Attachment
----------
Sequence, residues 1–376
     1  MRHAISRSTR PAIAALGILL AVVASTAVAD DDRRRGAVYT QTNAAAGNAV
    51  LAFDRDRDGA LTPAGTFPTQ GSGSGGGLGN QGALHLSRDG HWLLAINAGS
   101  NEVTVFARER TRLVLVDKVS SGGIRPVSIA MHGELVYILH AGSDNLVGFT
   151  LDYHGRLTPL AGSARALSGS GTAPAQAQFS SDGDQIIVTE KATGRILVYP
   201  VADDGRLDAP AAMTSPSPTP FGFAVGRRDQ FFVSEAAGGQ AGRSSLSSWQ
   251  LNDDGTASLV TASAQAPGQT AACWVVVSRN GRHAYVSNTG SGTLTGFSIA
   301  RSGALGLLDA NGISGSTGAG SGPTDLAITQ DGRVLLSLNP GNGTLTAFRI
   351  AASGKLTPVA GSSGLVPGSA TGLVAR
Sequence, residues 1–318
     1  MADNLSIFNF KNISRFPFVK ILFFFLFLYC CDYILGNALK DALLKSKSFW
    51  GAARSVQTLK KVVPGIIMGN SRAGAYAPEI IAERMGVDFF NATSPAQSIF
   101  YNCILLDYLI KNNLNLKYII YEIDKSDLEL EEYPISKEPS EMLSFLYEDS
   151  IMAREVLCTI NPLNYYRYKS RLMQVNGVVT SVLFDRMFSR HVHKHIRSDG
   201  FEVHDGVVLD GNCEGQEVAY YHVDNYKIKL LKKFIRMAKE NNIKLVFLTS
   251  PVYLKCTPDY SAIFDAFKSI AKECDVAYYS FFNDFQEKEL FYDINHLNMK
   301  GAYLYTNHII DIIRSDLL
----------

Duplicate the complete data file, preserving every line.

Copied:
Sequence, residues 1–376
     1  MRHAISRSTR PAIAALGILL AVVASTAVAD DDRRRGAVYT QTNAAAGNAV
    51  LAFDRDRDGA LTPAGTFPTQ GSGSGGGLGN QGALHLSRDG HWLLAINAGS
   101  NEVTVFARER TRLVLVDKVS SGGIRPVSIA MHGELVYILH AGSDNLVGFT
   151  LDYHGRLTPL AGSARALSGS GTAPAQAQFS SDGDQIIVTE KATGRILVYP
   201  VADDGRLDAP AAMTSPSPTP FGFAVGRRDQ FFVSEAAGGQ AGRSSLSSWQ
   251  LNDDGTASLV TASAQAPGQT AACWVVVSRN GRHAYVSNTG SGTLTGFSIA
   301  RSGALGLLDA NGISGSTGAG SGPTDLAITQ DGRVLLSLNP GNGTLTAFRI
   351  AASGKLTPVA GSSGLVPGSA TGLVAR
Sequence, residues 1–318
     1  MADNLSIFNF KNISRFPFVK ILFFFLFLYC CDYILGNALK DALLKSKSFW
    51  GAARSVQTLK KVVPGIIMGN SRAGAYAPEI IAERMGVDFF NATSPAQSIF
   101  YNCILLDYLI KNNLNLKYII YEIDKSDLEL EEYPISKEPS EMLSFLYEDS
   151  IMAREVLCTI NPLNYYRYKS RLMQVNGVVT SVLFDRMFSR HVHKHIRSDG
   201  FEVHDGVVLD GNCEGQEVAY YHVDNYKIKL LKKFIRMAKE NNIKLVFLTS
   251  PVYLKCTPDY SAIFDAFKSI AKECDVAYYS FFNDFQEKEL FYDINHLNMK
   301  GAYLYTNHII DIIRSDLL